The Daily Postcard No. 18

An unusual image from the Gallipoli campaign. 

A curious subject for a British postcard, you might think.  Tuck’s had been producing postcards (and before that, Christmas cards) since the early 1870s, and Queen Victoria granted the firm a Royal Warrant in 1893.  They produced many sets of cards during the Great War, this example being from their ‘War Episodes’ series.

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17 Responses to The Daily Postcard No. 18

  1. Sid from Down Under says:

    Curious indeed – Singalese attacking Turks at Gallipoli – they appear to be Muslims whom I presume are Sinhalese from Ceylon (now Sri Lanka). I suspect there is far more of a story than portrayed on this postcard image.
    A 100 years Gallipoli article mentions the Ceylon Planters Rifle Corps with three soldiers who had fought at Gallipoli now buried in Colombo. These young men had been injured in battle, were treated in the UK, but then died on the hospital ship taking them home. It goes on to say: The first Sri Lankan contingent to head overseas during the First World War was the Ceylon Planters Rifle Corps. This was a volunteer regiment from Kandy made up of tea and rubber planters. As early as the autumn of 1914, eight officers and 221 soldiers sailed to Egypt, and were attached to the 1st Battalion Wellington Regiment as a part of the Australia and New Zealand Army Corps (ANZAC). The article explains much more but I suspect the Riflemen were of European heritage. See here:
    There are other websites – It will be welcome if someone can expand on the background this postcard portrays.

  2. Magicfingers says:

    And that really is from Sid, despite my face appearing – don’t even ask. Please let me know if comments for this post fail to appear – preferably by simply using the comments section on another post.

    • Magicfingers says:

      Well first, and possibly last, they are Senegalese, from Senegal, not Sri Lankans. 200,000 Senegalese Tirailleurs fought for France (hence the red & blue uniforms) in the Great War, 135,000 of them in Europe, and 30,000 died. People only tend to think of Algerian Zouaves fighting for France (think first German gas attack), but that’s a fair number of Senegalese, isn’t it?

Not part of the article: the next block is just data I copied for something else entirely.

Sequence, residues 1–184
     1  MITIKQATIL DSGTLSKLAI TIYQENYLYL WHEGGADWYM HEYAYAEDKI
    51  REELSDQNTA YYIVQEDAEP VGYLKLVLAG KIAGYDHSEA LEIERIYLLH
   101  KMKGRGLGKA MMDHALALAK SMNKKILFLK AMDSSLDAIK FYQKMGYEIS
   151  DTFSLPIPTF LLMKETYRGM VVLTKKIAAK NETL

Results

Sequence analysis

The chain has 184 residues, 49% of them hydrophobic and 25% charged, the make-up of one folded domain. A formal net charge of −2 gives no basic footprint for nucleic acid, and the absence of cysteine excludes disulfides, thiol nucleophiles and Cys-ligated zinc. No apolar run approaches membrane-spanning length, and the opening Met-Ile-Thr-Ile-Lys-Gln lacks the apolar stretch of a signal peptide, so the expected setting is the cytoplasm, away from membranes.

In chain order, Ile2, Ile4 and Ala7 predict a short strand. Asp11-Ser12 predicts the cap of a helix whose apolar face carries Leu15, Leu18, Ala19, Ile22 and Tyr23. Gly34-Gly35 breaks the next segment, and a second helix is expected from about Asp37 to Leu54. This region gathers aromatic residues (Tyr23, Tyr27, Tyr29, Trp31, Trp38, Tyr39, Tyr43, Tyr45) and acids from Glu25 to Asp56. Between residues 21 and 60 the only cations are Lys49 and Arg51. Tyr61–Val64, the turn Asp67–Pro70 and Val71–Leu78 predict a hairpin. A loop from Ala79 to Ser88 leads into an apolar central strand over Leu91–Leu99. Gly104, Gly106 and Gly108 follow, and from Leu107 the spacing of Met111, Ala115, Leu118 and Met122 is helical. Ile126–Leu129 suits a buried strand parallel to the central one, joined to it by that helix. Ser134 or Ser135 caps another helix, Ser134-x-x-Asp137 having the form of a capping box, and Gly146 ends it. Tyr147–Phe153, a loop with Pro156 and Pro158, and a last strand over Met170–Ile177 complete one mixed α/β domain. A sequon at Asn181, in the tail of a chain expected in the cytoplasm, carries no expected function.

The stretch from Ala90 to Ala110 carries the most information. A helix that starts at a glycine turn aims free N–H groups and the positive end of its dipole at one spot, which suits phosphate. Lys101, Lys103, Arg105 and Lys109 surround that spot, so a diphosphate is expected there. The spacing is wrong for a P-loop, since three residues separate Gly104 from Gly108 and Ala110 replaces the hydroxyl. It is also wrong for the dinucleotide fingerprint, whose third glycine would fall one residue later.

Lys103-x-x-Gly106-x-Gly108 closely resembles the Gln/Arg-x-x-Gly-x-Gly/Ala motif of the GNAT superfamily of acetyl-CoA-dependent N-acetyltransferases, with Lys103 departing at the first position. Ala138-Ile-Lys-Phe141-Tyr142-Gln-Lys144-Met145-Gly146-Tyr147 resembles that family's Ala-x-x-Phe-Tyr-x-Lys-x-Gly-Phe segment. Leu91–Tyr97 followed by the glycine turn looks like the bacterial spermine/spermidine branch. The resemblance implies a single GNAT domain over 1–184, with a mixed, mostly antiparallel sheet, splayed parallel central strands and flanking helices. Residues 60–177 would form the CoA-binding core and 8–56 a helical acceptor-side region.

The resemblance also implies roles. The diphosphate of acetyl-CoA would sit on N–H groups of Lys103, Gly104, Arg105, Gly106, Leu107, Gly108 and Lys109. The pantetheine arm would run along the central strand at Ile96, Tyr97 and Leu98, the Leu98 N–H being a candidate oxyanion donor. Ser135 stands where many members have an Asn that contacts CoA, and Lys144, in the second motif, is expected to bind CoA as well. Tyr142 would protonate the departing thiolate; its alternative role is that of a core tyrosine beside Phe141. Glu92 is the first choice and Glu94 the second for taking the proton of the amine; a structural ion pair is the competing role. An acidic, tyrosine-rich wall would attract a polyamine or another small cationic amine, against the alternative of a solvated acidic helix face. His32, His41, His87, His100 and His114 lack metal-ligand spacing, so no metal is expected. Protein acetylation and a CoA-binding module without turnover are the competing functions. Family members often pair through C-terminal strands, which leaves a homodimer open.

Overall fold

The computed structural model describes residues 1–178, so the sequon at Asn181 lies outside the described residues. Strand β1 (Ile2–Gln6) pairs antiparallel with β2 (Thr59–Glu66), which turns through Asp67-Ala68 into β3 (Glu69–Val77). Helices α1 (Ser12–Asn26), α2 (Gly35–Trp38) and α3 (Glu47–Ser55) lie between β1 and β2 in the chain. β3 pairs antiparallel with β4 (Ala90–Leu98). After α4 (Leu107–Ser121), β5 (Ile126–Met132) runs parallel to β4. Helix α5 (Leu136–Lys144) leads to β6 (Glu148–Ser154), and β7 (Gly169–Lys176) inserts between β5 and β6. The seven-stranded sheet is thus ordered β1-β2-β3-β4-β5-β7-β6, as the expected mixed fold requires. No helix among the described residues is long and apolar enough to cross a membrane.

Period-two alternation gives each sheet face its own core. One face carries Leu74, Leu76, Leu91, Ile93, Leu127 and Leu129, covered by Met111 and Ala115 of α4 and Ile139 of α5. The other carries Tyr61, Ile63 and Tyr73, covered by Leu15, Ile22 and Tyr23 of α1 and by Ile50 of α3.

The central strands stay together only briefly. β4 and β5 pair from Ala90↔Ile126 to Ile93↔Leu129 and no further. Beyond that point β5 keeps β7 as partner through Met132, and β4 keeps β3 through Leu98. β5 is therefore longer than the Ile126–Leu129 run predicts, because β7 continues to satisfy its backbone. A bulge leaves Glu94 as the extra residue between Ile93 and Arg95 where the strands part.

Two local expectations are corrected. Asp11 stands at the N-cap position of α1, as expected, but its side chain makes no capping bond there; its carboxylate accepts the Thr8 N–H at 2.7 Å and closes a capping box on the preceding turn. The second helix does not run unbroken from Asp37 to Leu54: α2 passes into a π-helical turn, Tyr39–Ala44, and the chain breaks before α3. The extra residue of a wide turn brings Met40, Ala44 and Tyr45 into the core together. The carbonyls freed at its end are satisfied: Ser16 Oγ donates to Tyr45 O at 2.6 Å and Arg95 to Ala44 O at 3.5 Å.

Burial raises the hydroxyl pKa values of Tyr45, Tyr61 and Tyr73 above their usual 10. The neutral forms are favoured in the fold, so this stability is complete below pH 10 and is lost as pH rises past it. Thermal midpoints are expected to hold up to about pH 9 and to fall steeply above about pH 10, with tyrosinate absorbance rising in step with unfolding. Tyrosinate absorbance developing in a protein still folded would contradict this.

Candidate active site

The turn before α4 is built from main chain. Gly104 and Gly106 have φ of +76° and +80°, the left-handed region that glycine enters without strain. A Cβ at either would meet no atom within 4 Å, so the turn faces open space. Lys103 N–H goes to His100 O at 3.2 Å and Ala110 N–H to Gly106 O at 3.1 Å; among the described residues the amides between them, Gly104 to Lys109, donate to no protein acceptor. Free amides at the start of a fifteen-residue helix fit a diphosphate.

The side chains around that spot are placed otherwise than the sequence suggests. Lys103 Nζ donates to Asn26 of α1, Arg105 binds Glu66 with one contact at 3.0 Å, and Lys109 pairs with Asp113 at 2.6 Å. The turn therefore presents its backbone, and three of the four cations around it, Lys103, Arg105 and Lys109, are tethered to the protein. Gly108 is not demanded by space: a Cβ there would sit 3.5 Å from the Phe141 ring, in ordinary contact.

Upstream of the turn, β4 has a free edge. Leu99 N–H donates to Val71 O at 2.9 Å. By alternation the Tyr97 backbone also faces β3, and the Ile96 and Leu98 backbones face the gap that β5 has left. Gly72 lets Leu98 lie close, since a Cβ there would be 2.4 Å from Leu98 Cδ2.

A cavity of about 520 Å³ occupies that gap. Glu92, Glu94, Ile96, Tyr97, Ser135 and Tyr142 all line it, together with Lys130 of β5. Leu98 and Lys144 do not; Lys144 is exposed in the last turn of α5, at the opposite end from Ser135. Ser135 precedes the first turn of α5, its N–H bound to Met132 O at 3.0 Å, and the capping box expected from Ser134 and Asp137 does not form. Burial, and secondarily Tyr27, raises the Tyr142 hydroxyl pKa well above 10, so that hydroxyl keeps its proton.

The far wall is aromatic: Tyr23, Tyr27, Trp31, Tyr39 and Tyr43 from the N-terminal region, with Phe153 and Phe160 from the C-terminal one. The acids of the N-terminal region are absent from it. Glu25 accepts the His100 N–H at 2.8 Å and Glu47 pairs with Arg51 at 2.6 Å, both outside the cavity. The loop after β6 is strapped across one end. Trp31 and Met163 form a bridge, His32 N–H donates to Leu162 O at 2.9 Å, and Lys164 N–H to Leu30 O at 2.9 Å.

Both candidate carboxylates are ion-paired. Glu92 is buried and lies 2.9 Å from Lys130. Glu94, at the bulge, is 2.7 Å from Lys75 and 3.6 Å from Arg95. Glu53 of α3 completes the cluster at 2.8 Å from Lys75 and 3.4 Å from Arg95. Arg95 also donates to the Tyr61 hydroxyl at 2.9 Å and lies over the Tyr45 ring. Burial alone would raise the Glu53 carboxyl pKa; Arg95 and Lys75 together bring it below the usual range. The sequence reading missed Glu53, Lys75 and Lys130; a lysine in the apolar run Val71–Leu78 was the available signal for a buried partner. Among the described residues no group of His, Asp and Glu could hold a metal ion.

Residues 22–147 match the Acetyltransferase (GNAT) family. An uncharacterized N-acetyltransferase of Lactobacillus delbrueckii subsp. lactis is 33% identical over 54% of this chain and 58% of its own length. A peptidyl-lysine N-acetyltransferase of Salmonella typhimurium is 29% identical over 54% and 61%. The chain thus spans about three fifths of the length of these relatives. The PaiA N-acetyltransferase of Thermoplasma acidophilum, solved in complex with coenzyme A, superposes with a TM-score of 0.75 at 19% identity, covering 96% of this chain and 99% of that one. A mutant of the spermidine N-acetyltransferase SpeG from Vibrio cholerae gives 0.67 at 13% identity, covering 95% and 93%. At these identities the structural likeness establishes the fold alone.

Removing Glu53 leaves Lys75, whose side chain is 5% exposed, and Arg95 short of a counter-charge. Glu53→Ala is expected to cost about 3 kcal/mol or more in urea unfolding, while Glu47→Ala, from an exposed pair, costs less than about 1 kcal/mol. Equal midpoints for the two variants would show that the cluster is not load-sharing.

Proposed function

3. Nick Kilner says:

    Splendid! And great information from both of you. Thank you for that.
    Bit concerned that Sid now looks like you though M, I think that’s taking the whole ‘super fan’ thing a step too far

    • Nick Kilner says:


      • Magicfingers says:

        Actually, that’s Sid wearing one of my patented MF masks. Want one?

        • Nick Kilner says:

          Yes please!! Now available from the online shop for a very reasonable fee hahaha
          Btw some interesting photographs of Brookwood Cemetery turned up today. Thought they might be of interest as I don’t think you’ve covered that one yet (not Brookwood military cemetery). Will drop you a line with a link

          • Magicfingers says:

            Excellent. Please do. I have photographed a few graves in the massive non-military bit, but there was a problem. Remind me and I will tell you the tale. It’s quite funny, in a serious sort of way.

      • Sid from Down Under says:

        And another heh heh – there is another story to my real face not being there – I’d like it to be but the Gravatar system for doing it frightens me more than an MF mask

  4. Nick Kilner says:

    Smiley faces don’t seem to be working 🙁

  5. Marion says:

    Hi, I just wanted to say that these postcards you are posting are absolutely fantastic and so much appreciated. My grandfather fought at Gallipoli and in Northern France as well as in Belgium and Egypt. I have visited all the sites where he fought except for Egypt and these cards remind us all of what all of these wonderful servicemen and women did in order for us to enjoy the life we have today in our countries.
    Thank you so much for posting everything you do. It is all so marvellous and will teach us so much.

    • Magicfingers says:

      Hello Marion. You are too kind. Well, I had to come up with something for my discerning readership (!) during these troublesome times. And I have plans for a trip to Gallipoli, if fate allows, but I have seen some of the area where Lawrence of Arabia fought. Unfortunately too long ago for photographs to survive subsequent floods!!

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